Idaho Legislature Approved Medicaid Reimbursement Rate Increase for Nurse Practitioners Effective July 1, 2022
Posted 4 months ago
Idaho Legislature Approved Medicaid Reimbursement Rate Increase for Nurse Practitioners--Effective July 1, 2022
Colleen M. Shackelford, DNP, APRN, NP-C
Legislative Chair, Nurse Practitioners of Idaho
Printed in RN IDAHO, May, 2022, Vol. 45, No. 2, Page 10.
It is reported that 70,000 Idahoans received health care with the 2020 expansion of Medicaid (Reilly, 2020). Broadening health care coverage was an important step in improving access to care for Idahoans. However, we must also recognize the other factors that influence access to care including overall cost, transportation, geographic barriers, distribution of providers and the willingness of providers to accept new Medicaid patients. Medicaid reimbursement rates, which are generally lower than private insurance payments, may restrict the number of Medicaid enrollee's private practices accept.
The rising population and demands for healthcare are outpacing the supply of primary care providers, creating an access to care crisis for Idaho. Despite the lower reimbursement potential, NPs are more likely to practice in the rural areas (Barnes et al., 2018, as cited in National Academy of Science, Engineering and Medicine, 2021, p. 116) and accept new Medicaid patients. Nurse practitioners are providing nearly half of the primary care in rural Idaho (Hudspeth, 2020). “Achieving better care, smarter spending and healthier people is dependent on the robust availability of primary care providers. Projections demonstrate the supply of NPs will outpace the growth of the primary care physicians” (US Department of Health and Human Services, 2016, p. 18).
According to the Robert Graham Center (2020), Idaho will need an additional 382 primary care providers by 2030, a 44% increase to meet the demands of population growth. Fortunately, Idaho has experienced a 29% growth rate of the overall statewide NP workforce in the past two years and importantly, the rural, medically underserved areas experienced a nearly 33% growth rate in primary care NPs between 2018 and 2020. It is imperative to provide adequate reimbursement to sustain and grow the primary care workforce. Excluding those few employed by Federally Qualified Health Centers (FQHCs), NPs in primary care settings have been reimbursed 15-30% less than physicians for the same billed services from state and federally funded Medicaid. Medicaid was signed into law in 1965 with federally funded Medicare under Title XIX of the Social Security Act. All states, the District of Columbia, and the U.S. territories have Medicaid programs designed to provide health coverage for low-income people (Idaho State Legislature, 2019). Although the federal government establishes certain parameters for all states to follow, each state uniquely administers the Medicaid program, resulting in variations in Medicaid coverage and reimbursement rates across the country.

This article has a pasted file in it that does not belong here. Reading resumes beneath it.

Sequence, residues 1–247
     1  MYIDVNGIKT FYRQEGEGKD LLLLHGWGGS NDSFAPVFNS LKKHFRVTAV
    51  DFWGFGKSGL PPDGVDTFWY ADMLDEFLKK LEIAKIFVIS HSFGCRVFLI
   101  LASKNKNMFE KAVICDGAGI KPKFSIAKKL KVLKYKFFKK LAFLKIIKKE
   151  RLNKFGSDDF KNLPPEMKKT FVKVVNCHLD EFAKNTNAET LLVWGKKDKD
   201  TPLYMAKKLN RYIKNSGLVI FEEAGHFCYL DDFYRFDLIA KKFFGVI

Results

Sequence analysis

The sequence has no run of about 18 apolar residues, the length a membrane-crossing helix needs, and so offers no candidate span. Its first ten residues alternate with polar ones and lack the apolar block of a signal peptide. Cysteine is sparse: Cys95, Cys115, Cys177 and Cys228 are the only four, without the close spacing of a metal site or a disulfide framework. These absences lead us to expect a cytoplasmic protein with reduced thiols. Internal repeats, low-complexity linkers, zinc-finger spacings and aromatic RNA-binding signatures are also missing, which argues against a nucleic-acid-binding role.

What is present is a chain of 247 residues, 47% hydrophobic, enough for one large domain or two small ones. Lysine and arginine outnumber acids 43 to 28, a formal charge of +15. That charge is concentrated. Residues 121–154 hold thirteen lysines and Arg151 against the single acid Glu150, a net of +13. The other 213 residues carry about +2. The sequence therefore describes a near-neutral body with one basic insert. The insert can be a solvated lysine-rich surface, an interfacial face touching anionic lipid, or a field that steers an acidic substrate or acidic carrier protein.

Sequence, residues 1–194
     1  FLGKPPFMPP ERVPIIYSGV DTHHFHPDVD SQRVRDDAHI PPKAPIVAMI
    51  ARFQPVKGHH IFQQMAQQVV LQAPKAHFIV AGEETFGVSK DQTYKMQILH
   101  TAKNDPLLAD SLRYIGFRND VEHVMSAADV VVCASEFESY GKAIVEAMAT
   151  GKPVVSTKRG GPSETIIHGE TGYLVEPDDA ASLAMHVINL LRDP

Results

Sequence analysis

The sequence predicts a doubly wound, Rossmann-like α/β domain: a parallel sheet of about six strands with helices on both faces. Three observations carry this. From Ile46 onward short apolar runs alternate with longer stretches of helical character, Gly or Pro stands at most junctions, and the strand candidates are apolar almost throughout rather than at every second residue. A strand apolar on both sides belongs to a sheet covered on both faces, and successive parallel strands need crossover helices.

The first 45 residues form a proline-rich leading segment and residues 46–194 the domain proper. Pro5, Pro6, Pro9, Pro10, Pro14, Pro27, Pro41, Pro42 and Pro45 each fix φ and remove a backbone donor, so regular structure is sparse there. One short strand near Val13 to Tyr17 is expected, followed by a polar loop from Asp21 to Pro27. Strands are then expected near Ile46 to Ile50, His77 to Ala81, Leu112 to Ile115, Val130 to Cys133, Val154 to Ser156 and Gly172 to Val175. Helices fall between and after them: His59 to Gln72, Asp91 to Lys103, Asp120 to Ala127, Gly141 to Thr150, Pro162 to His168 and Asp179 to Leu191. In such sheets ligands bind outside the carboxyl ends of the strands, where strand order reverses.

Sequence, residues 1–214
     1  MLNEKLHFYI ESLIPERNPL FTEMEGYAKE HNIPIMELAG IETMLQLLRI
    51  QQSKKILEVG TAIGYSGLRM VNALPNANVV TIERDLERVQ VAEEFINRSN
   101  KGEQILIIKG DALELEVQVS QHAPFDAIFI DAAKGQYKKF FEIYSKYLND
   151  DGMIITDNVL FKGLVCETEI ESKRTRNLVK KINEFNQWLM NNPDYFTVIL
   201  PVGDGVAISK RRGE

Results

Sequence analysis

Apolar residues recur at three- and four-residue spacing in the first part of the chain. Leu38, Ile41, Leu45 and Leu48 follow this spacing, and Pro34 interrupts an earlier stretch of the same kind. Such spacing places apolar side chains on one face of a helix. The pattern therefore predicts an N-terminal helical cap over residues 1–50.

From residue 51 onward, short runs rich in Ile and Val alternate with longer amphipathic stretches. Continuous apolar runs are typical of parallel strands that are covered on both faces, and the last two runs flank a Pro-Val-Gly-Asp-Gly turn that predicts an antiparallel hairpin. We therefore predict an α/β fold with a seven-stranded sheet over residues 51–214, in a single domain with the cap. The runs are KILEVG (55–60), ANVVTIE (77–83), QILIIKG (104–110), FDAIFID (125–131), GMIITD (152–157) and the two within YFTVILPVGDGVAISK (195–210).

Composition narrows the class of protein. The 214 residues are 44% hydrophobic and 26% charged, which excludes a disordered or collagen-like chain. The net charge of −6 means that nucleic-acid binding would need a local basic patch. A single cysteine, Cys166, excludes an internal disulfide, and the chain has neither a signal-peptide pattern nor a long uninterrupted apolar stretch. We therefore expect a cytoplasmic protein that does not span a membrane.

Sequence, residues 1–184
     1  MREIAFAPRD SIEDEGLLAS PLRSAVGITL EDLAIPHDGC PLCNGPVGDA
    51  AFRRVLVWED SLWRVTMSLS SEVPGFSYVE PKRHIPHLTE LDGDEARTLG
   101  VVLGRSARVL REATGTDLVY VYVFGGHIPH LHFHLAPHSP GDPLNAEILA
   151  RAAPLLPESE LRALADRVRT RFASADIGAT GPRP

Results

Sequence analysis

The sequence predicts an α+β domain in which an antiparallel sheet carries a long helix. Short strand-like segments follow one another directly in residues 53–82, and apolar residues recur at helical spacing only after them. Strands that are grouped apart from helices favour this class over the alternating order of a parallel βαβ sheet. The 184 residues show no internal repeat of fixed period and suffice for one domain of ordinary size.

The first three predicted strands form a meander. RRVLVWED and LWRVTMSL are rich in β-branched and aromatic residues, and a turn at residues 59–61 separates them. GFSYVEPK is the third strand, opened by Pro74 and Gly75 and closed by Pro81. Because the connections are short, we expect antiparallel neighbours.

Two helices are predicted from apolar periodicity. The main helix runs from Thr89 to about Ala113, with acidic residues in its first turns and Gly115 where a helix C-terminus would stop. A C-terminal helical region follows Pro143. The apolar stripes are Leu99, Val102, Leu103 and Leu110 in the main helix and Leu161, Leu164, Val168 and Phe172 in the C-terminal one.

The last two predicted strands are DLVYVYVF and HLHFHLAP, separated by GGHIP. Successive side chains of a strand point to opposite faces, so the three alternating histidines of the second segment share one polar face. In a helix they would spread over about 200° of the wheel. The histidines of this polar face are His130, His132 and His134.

Idaho statute 56-265 regulates that provider payments “may be up to but shall not exceed 100% of the current Medicare rate for primary care procedure codes as defined by the Center for Medicare and Medicaid (CMS) and shall be 90% of the current Medicare rate for all other procedure codes” (Idaho Legislature, 2021). Medicare reimburses NPs at 85% of the physician rate for primary care services and despite being a forerunner in NP practice laws, Idaho is one of just four states in the nation that continues to align Medicaid rates with this 86% Medicare rate limit. The Nurse Practitioners of Idaho (NPI) found that many primary care NPs are reimbursed up to 20% less for primary care services. This is in addition to the already discounted Medicare rate. Data analysis demonstrated that if rates were increased to 100% of the NP Medicare rate (an increase of 20%), a single NP practice would recognize over $8,000 in additional revenue annually.
Concerns that increased reimbursement for NPs may drive up health care costs are
not substantiated. Evidence supports NP cost effectiveness in all settings including primary care, acute care, and long-term care (American Association of Nurse Practitioners, 2013). NP led care reduces emergency room utilization, pharmacy
cost, inpatient hospitalizations, and results in monthly cost savings (American Association of Nurse Practitioners, 2013.)
After several meetings with key stakeholders over the past two years, NPI has successfully negotiated a rate increase for NP primary care services! This 20% rate increase was recently proposed by the department of health and welfare in their annual budget. As of this writing, the rate increase has passed the Joint Finance-Appropriations Committee (JFAC) and is pending approval by the legislature. It is important to note that these rates are evaluated annually and dependent on budgetary constraints. NPI should continue lobbying efforts to ensure NPs are adequately reimbursed for their valuable services. The importance of membership is ever apparent. All NPs in Idaho should become members of NPI. It is vital to health equity that NPs remain engaged and responsive to legislation. These impactful changes, which improve reimbursement for every Idaho NP could not have been achieved without organization support and lobbying efforts.
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